Failure is a scary word. I actually have an allergic reaction whenever I say it out loud because, like most publicists, I’m a perfectionist and for a long time FAILURE was my version of the “F” word. I forbid myself from saying it because if I actually accepted the fact that I failed, I would have an emotional breakdown and leave the office crying (true story on many occasions). Well folks, in a world where the ratio of publicists-to-journalists is 5:1, failure is a fact of life. We have to get over our perfectionist tendencies by picking ourselves up and pushing through. Sometimes in our most desperate points, we come up with the most creative of ways to make press happen for our clients.
Take my experience booking Sky Zone in the latest issue of Forbes as an example of “rising from the ashes,” so to speak. For those of you not familiar, Sky Zone is the creator of the billion dollar trampoline park industry. Because they’re the first, and the most profitable, you would think reporters would be jumping at the chance to write a feature on the brand, right? WRONG. After 6+ months of pitching the evolution story of Sky Zone and how it’s changing the trampoline park industry to at least 5-6 reporters at The New York Times, Fortune, Inc., Forbes, Fast Company, and pretty much every single other business outlet, the most exciting response I received was from one reporter who said, “Why would I want to write about this?” LOL.
I was at my whit’s end this March when I was thumbing through an issue of Forbes and came across a story on Family Video, a video rental franchise in the Midwest that still exists and is actually quite profitable. A light bulb went off in my head and I thought, “What if I pitch Sky Zone to this writer? Surely he likes nostalgia-inducing businesses, and Sky Zone is technically considered one of those because a lot of people had a trampoline in their backyard growing up.” While this thought process was somewhat of stretch, I pitched the writer anyways, and, SURPRISE, he loved it so much that I only had to follow up with him once.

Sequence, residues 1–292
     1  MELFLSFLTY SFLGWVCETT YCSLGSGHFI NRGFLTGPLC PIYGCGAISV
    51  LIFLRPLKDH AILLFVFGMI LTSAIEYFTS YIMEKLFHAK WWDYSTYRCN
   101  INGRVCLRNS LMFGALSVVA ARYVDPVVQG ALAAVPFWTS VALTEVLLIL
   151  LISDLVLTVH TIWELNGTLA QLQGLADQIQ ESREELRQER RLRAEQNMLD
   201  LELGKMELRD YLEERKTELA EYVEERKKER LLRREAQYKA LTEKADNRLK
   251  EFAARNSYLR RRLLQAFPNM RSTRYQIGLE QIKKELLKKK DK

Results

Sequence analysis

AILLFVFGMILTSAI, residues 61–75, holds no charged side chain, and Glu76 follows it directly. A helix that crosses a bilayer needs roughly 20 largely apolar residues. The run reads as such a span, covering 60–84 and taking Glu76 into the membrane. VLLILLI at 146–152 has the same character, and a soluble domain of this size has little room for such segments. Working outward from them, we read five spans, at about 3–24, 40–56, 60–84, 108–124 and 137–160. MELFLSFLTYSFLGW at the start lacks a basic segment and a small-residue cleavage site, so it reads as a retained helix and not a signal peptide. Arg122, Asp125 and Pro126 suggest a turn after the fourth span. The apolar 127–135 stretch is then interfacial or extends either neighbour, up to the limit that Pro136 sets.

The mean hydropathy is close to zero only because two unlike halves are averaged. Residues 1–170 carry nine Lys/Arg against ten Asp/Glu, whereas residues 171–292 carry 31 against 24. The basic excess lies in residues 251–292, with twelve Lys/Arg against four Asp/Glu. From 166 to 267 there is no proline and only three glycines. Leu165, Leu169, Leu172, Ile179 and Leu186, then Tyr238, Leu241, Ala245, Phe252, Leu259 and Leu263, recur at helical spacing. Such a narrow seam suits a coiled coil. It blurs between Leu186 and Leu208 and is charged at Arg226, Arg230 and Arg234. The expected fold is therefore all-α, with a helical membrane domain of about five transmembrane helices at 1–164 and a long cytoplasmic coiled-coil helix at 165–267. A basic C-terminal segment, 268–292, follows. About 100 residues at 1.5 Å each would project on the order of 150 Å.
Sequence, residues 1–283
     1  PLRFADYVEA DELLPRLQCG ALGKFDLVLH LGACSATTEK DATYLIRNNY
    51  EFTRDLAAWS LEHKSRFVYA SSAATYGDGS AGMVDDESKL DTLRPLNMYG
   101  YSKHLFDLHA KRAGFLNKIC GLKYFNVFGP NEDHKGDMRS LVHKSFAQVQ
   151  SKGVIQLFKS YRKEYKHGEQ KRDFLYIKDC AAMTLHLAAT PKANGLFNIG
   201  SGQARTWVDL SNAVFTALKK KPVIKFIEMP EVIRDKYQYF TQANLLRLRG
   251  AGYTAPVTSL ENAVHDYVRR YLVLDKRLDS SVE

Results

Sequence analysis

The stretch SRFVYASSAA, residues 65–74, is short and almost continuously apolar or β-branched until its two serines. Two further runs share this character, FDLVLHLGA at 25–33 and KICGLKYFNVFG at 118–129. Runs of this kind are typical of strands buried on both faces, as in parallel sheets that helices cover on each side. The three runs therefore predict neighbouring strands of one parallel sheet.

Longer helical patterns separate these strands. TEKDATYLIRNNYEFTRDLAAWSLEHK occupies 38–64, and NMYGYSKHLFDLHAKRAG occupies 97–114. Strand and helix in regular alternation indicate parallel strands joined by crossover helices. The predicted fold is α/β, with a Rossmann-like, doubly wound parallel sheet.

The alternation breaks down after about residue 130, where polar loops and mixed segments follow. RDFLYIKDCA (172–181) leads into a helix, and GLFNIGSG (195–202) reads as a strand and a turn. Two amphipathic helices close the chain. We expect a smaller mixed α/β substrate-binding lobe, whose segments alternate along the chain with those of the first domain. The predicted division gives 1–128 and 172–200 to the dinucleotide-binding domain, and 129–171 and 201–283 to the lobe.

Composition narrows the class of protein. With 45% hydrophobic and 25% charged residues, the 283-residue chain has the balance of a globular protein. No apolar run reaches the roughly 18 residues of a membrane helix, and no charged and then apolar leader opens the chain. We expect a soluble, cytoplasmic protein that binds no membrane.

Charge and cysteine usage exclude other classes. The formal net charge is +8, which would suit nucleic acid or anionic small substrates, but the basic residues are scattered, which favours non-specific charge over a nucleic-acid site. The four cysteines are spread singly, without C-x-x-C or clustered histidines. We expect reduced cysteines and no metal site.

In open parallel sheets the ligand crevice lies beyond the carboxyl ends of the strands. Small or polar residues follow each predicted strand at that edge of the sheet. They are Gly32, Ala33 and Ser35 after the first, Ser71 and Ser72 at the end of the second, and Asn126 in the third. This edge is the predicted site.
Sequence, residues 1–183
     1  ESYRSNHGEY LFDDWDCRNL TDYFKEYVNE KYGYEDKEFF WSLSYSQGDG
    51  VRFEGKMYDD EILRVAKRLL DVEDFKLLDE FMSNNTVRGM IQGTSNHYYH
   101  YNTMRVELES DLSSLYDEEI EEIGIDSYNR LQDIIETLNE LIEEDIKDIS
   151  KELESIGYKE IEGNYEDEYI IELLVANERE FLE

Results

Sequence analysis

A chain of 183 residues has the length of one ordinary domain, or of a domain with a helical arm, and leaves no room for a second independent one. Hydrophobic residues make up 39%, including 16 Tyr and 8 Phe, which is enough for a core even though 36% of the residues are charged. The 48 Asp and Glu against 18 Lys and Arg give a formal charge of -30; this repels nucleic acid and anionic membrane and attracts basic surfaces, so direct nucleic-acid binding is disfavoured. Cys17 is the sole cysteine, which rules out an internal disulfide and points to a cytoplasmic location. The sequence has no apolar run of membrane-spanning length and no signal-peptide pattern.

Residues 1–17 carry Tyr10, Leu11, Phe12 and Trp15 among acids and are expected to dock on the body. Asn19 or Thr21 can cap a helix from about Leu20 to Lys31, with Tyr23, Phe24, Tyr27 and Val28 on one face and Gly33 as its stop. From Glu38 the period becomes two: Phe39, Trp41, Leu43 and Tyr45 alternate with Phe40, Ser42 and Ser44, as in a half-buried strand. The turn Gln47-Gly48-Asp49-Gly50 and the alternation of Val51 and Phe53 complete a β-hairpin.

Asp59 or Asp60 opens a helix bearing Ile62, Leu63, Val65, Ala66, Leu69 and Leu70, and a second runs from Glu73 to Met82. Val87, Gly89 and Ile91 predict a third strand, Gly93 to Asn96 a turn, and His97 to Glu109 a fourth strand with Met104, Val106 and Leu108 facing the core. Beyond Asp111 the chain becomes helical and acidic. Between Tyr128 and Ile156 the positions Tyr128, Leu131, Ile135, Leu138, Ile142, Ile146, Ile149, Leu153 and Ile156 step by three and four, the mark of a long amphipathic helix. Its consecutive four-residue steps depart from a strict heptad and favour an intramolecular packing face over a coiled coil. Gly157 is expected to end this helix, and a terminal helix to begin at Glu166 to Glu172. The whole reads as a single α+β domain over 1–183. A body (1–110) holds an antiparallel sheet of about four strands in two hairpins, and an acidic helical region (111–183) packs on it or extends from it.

Making this story come to life was probably the highlight of my career because it’s living proof that I didn’t give up after thinking I exhausted all of my contacts. Whether you’re in the business of franchise PR, or food and beverage PR, your version of this might be a bit different. That pitch you’ve been sending for what seems like your entire career might not be a fit for a writer at Forbes, but it could be the perfect story or roundup for an equally valuable outlet to your client like a key trade magazine or the major in-market daily where their corporate office is located.
So, at the end of the day, remember that it isn’t the end of the world if that one reporter at whatever A-list outlet didn’t respond. Keep trying. You’ll never know until you press that send button.